Bsmooth wrote in post #18573532
I keep seeing this over and over, and its not just Canon. More Mfg just keep piling on more pixels in there sensors instead of giving us fewer better quality pixels.
I think Sony and Fuji may be heading in the right directions along with a few from Nikon (D500 comes to mind).
Canon has a great system of lenses and bodies, but in the end there only as good as the sensors in there cameras, and it seems to me there lagging right now.
Yes the 5DIV is a great camera, and the sensor is very good, but it just hasn't gotten down to there crop sensor cameras.
Any benefit of larger pixels for lower high-ISO noise per unit of sensor area is temporary and has no ultimate value. The fact is, the prototype of the sensor that counts photons and has no added camera noise has 1.1 micron pixels, which would make for a FF sensor of about 715MP. Today's cell phone sensors have less high-ISO read noise per unit of sensor area than older 12MP FF cameras. Someone will come out with a 24, 28, or 30MP DX camera with less noise than the D500; it's inevitable.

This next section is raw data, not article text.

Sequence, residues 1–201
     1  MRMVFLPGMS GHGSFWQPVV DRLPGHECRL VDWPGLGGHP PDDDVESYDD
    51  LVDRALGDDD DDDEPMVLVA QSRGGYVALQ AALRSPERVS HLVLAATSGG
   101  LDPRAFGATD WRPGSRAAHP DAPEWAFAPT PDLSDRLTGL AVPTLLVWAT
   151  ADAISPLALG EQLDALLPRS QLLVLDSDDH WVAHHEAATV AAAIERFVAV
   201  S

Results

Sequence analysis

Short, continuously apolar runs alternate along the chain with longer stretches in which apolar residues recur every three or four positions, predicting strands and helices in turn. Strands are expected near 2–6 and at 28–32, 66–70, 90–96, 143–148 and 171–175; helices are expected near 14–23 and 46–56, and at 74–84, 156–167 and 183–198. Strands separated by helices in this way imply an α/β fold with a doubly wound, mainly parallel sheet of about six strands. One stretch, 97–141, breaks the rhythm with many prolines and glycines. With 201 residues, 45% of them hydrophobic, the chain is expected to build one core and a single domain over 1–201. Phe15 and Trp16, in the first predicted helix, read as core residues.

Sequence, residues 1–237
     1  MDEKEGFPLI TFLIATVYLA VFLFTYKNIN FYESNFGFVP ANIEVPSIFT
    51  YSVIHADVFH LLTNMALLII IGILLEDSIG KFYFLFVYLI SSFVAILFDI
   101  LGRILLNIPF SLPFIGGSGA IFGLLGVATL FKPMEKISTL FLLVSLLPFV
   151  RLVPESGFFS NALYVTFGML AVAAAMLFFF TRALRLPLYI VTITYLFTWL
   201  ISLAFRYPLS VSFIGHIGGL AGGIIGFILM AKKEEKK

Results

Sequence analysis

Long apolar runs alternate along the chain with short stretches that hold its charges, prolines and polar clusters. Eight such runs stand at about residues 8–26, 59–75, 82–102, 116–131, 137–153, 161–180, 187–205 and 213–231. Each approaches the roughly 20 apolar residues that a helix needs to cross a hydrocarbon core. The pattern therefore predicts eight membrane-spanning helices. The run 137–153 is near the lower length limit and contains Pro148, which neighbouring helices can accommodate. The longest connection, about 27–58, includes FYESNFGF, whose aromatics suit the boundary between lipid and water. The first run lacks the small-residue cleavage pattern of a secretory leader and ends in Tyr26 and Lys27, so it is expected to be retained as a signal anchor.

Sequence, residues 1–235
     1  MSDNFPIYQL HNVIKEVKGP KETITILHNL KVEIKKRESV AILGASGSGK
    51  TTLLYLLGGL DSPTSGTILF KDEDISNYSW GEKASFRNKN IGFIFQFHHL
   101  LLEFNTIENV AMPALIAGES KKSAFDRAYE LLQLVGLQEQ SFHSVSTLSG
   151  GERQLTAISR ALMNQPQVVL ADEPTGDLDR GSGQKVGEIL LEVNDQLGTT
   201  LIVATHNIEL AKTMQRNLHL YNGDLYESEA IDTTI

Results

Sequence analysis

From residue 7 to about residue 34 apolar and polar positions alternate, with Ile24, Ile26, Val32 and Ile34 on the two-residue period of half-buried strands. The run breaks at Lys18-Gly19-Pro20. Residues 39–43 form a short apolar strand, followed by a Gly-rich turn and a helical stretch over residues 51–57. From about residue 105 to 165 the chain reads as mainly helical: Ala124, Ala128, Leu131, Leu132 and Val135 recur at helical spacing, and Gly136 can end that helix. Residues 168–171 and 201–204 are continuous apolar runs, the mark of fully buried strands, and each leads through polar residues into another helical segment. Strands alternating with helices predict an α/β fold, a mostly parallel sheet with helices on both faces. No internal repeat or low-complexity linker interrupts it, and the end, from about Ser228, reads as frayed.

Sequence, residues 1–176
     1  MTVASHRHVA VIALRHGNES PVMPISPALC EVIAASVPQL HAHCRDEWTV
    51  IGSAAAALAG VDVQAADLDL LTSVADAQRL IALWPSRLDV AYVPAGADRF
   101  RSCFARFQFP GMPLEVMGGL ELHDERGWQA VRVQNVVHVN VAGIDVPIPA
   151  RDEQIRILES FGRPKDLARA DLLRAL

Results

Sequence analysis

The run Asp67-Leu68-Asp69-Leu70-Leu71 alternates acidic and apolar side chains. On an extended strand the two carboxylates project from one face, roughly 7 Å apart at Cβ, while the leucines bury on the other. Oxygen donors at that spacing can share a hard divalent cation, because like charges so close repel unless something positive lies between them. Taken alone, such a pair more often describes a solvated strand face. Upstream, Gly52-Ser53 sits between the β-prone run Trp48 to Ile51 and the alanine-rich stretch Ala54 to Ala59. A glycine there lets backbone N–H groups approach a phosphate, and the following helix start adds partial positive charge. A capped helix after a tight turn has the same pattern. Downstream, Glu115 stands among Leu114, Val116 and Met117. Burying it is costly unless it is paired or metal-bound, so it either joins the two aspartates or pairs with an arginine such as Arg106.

I'm hoping for both pixel density and low high-ISO read noise to happen together in my next cameras; not a reduction in pixel density to get a temporary, slightly lower noise. It would have to be a *huge* reduction in high-ISO (pre-gain) read noise to make me swing to lower pixel density, and that would be special-purpose; not general-purpose.
A lot of what you ascribe to pixel quality potential at various sizes probably has more to do with temporary technological issues with bandwidth and video scaling, and budget levels for electronics in cameras depending on the projected sale price. When I examine the black frame read noise of my compact sensor cameras of a few years back, it looks more like array readout slop dominates the noise more, as opposed to pixel-derived noise, compared to my more expensive FF and APS-C cameras.
Any temporary benefit to big pixels at high ISOs is really just a house of cards, ready to fall. Pixels will only be big to reduce file size and bandwidth, in the future.